In rural areas, the four-day school week is growing in popularity
Annie Bergeaux and her high school classmates in Midland, La., will be taking most Fridays off this year, spending the time swimming, shopping, baby-sitting, playing basketball, or just hanging out with friends.
It's all with the blessing of their teachers, their parents, and school officials.
Bucking a nationwide trend toward bulking up school calendars, dozens of rural school districts are actually paring back their work weeks, cramming more academics into four days.
The trade-off: School days are an hour or more longer than in most schools.
Schools find that knocking off Fridays or Mondays can save money on transportation, heating, and substitute teachers. Advocates say four-day weeks have other advantages: They cut down on student and teacher absences, and the fifth day is used for teacher training or to free up teachers for personal appointments.
About 100 school districts in six states Louisiana, Oregon, Colorado, New Mexico, Wyoming, and South Dakota are trying it this year. All are rural and most are small, each with fewer than 1,000 students.
Annie spent her freshman year at tiny Midland High School on four-day weeks and loved them. "By the end of the week you aren't frustrated with everybody," she says.
In many rural areas, the change allows schools to keep art, music, and other classes that are often cut in tight budgets.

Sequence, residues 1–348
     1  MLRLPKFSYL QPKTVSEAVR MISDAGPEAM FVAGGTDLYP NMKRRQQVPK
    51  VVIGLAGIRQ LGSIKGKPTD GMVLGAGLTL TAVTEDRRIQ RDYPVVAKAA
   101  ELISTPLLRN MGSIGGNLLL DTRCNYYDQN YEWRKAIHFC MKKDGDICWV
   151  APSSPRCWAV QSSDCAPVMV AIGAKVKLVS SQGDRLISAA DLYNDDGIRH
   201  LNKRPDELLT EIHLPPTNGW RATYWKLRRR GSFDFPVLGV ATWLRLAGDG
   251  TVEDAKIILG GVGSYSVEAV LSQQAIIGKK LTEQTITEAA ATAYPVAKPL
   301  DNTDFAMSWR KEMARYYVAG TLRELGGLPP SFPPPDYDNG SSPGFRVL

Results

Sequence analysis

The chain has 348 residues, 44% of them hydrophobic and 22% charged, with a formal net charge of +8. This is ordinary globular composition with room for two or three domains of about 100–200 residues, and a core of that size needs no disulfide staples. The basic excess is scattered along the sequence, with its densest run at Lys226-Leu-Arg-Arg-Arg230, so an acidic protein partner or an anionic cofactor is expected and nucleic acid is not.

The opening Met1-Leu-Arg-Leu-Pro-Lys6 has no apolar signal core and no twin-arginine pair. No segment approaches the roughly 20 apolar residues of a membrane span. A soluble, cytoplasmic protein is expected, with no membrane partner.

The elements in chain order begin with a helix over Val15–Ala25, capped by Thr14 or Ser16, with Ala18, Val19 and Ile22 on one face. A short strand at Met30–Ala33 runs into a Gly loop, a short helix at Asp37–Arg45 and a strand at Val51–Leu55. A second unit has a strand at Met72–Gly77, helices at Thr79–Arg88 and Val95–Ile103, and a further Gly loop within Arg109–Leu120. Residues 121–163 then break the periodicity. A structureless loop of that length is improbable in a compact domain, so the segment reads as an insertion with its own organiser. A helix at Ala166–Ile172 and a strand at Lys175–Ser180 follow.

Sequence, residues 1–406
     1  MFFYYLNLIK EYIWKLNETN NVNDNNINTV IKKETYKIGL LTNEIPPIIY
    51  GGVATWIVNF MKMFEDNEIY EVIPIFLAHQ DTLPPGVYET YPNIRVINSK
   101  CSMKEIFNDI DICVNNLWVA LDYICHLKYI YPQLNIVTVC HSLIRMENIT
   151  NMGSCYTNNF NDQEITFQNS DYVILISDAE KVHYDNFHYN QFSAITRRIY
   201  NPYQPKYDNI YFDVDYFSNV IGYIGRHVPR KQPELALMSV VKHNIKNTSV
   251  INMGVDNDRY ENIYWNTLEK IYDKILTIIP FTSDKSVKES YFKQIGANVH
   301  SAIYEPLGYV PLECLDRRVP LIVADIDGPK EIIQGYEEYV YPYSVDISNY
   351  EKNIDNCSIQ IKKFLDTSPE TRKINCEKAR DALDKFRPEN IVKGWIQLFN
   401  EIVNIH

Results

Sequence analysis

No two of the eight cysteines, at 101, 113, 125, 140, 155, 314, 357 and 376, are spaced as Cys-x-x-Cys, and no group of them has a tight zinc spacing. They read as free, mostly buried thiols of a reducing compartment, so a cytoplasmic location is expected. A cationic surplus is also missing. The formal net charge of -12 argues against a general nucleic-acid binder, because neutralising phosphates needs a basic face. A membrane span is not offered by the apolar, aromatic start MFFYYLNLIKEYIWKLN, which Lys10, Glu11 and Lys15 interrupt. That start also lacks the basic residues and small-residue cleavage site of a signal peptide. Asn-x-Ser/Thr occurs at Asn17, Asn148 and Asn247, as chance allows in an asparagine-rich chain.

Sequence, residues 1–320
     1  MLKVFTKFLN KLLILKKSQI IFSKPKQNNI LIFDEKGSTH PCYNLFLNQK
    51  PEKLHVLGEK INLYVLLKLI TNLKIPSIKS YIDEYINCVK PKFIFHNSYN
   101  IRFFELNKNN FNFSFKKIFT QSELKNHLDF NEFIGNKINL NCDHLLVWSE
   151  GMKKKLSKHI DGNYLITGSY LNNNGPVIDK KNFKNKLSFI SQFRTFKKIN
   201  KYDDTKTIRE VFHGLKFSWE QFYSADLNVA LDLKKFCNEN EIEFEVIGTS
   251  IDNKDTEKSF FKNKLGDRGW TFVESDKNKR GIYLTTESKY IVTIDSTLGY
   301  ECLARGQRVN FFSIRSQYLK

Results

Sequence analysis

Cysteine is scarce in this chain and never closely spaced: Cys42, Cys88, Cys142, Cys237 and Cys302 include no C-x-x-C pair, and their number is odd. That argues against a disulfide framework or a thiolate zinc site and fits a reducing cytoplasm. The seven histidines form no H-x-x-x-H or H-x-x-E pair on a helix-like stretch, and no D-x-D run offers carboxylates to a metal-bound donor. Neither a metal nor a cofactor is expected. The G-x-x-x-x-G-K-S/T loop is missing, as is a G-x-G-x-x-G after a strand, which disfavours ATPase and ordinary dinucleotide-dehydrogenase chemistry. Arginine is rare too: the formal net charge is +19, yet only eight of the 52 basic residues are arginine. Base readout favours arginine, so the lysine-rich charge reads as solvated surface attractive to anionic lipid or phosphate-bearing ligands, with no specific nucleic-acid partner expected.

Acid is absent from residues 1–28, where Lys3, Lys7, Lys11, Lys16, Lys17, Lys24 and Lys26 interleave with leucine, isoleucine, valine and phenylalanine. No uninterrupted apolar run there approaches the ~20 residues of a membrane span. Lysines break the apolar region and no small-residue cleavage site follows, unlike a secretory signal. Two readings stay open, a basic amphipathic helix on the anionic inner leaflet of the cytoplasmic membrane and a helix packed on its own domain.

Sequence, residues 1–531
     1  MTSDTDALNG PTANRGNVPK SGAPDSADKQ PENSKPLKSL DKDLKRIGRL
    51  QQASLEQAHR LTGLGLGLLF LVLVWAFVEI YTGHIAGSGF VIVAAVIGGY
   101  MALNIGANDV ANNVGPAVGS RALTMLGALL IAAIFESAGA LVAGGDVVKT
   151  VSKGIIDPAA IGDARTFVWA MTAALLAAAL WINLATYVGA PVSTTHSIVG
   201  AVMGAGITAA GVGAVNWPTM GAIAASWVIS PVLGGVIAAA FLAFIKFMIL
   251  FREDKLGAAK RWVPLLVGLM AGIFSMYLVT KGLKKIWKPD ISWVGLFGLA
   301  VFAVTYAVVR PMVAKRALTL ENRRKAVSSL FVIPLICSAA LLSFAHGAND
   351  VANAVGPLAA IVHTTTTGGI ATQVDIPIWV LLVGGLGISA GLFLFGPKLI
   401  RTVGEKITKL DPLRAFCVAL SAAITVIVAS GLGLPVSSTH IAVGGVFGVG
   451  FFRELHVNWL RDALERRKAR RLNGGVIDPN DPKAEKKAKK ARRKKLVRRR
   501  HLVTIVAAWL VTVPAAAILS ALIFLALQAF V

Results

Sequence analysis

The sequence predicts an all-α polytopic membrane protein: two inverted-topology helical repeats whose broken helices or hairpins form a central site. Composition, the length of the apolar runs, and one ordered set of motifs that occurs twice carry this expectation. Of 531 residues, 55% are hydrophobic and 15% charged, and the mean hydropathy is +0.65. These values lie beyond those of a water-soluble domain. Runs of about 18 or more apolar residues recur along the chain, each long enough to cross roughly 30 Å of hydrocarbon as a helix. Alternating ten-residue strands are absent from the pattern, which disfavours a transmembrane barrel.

Four-day weeks also improve student morale and behavior, says Clyde Briley, principal of Midland, 150 miles west of New Orleans.
"The biggest problem we had was in motivating students to do their best," he says.
"I felt that this was a good motivational thing if you ... work hard and do your best, you can have some extra time to do other things, what you like to do, or to have a part-time job."
Mr. Briley says grade-point averages rose "considerably" last year during the first Fridays-off calendar, with failing grades down 50 percent. "Kids have tried harder," he says.
In most districts, schools reserve Fridays for field trips, football games, and special activities such as homecoming; the Monday-Thursday schedule is for academics.
Critics point out that the 1990s actually brought a push to extend the school calendar past the traditional 180 days, to resemble those in Japan and Europe.
"It's really unusual for people to turn the clock back, in a sense, and have fewer school days," says Ruy Teixeira, a senior fellow at the Century Foundation, which studies social, economic, and political issues. "I haven't seen too many people say with a straight face that this produces superior academic performance, so I definitely don't expect this one to take off."
Independent education researcher Joy Dryfoos agrees. "I would think it would wreak havoc with any working parent's schedule," she says.
But Briley, who says parents "enjoy having their kids available on Friday," says his school will try the four-day week it again this fall.